Ronald Reagan famously defined the eleventh commandment to be, “Thou shalt not criticize a fellow Republican.” I’m a big fan of the spirit, if not the substance, of that statement. Generally speaking, I try to avoid criticizing my own side. The way I see it, there are dozens of bloggable items that come across my desk every day, and I can only write about a tiny fraction of them. So why should I waste time on some obscure commentator or blogger who defends something I believe in with somethng less than complete rigor? There are plenty of other bloggers on the other side perfectly happy to do that for me.
Sometimes, however, it’s a hard rule to live by. This is one of those times. Jerry Coyne has published a very long review of Michael Behe’s book The Edge of Evolution, for The New Republic. Coyne is a biologist at the University of Chicago. When I learned of this review’s existence I grew very excited. With plenty of space with which to work and writing for an audience of sophisticted nonscientists, I figured Coyne would take the opportunity to present some really interesting science and give Behe a proper drubbing.
Alas, it was not to be. Simply put, his review of EoE is a terrible piece of work. It’s all snideness and ridicule with very little in the way of good arguments. It really infuriates me when someone like Coyne is given such a terrific platform, several thousand words in a classy magazine like The New Republic, and then writes as if the whole project is beneath him.
Behe may be worthy of contempt and his arguments not worth wasting time on, but if that is your attitude then don’t ride into print on the subject. If you are going to write a long review of Behe’s book, you treat his arguments with the utmost seriousness and refute them point by irresistable point. That’s far more effective than all the snideness and one-liners in the world. This was a perfect opportunity to present some real science to an audience that would have appreciated it, and Coyne declined the invitation.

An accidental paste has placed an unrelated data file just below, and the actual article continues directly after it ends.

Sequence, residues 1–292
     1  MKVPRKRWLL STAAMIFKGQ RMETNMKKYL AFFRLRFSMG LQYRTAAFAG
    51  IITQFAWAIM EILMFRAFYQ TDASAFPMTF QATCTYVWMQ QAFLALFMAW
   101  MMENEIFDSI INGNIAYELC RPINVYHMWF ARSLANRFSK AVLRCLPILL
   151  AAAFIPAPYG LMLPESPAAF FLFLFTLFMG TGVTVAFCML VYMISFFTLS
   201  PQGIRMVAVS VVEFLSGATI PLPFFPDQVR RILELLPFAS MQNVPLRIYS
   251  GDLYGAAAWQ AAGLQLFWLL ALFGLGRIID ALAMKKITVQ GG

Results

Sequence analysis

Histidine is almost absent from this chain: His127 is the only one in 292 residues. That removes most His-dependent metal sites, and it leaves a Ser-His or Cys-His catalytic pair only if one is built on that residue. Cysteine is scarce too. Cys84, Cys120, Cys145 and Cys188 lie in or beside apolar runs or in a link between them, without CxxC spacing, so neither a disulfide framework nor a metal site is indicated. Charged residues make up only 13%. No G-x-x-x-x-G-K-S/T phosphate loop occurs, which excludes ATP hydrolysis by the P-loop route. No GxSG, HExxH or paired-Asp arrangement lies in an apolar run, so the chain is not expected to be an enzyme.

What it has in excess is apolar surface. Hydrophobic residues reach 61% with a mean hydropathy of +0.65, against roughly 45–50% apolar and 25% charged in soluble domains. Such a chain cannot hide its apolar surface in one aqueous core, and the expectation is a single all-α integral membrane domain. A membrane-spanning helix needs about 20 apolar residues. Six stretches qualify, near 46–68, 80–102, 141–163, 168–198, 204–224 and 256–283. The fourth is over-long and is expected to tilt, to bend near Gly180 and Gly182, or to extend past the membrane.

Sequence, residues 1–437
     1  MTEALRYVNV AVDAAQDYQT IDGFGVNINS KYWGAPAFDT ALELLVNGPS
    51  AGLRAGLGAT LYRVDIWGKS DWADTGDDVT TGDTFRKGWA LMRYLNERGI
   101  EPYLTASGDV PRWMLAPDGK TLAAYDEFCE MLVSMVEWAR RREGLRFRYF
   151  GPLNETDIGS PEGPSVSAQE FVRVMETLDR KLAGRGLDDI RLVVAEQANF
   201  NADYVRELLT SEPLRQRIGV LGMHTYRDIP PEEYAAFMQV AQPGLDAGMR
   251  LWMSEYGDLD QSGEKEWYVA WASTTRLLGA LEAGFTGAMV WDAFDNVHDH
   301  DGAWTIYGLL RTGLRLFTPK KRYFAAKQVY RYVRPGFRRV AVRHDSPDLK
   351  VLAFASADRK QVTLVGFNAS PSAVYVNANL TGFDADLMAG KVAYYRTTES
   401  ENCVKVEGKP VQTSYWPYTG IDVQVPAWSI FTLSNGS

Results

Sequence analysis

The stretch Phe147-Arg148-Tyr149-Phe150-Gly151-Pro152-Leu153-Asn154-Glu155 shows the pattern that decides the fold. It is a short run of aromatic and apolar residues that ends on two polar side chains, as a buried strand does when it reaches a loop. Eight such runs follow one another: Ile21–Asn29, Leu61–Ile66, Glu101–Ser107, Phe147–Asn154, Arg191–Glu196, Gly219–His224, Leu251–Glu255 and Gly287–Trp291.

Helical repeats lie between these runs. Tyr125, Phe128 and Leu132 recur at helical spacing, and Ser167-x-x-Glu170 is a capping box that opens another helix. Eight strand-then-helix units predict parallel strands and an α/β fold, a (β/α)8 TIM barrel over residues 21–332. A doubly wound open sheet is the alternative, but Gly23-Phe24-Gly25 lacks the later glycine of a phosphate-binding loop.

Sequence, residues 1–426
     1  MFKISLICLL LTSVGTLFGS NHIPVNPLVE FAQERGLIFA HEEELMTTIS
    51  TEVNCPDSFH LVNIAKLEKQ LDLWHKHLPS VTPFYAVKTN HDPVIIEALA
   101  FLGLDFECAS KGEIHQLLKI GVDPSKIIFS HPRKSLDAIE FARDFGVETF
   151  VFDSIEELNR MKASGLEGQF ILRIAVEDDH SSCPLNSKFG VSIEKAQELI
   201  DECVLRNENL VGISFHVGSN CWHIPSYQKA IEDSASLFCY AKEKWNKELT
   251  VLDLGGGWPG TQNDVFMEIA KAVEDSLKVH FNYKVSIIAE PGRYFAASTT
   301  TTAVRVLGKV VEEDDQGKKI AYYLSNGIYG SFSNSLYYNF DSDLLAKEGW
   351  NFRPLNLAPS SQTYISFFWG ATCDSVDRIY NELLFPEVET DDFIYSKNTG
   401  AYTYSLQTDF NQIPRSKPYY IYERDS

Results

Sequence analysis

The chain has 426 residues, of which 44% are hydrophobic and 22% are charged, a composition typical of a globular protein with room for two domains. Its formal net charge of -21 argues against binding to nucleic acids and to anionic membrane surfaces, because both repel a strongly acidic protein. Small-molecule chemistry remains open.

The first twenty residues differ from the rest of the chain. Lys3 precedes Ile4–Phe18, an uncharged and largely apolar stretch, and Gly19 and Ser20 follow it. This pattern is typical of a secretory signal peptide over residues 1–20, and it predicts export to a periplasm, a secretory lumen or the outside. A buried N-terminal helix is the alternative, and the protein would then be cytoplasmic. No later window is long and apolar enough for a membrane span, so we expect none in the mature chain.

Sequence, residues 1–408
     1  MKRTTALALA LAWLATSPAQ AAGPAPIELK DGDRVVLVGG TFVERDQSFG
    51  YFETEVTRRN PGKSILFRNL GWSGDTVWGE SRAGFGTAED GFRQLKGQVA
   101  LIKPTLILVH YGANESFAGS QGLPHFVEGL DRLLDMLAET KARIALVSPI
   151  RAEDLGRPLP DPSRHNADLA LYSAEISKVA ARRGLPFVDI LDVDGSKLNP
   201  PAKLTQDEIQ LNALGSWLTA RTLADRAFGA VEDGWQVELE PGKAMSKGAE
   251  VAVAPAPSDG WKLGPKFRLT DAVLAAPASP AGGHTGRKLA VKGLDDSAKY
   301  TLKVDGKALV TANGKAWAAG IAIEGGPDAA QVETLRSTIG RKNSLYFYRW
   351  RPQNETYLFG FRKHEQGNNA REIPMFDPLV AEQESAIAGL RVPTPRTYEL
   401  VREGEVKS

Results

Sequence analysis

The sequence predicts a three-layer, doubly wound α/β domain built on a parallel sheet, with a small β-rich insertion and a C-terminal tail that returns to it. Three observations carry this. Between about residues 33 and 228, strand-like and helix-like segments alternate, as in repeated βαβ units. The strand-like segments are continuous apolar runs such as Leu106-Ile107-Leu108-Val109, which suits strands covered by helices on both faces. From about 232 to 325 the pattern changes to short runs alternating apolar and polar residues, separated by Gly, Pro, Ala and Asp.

Coyne begins by discussing the anti-Behe statement from the Lehigh Biology Dept. To anyone who is not already anti-Behe that will look like a vicious, ad hominem attack. Everyone knows ID is unpopular among scientists, the question Coyne is supposed to be answering is whether that unpopularity is merited. If you’re going to mention this statement at all, you do it at the end of the article. First you demolish his arguments, then you point to that as the reason for Behe’s colleagues finding him embarrassing. Placing this at the beginning of the review makes it look like Behe is right. The mean old scientific establishment is coming down on one poor guy with unorthodox views.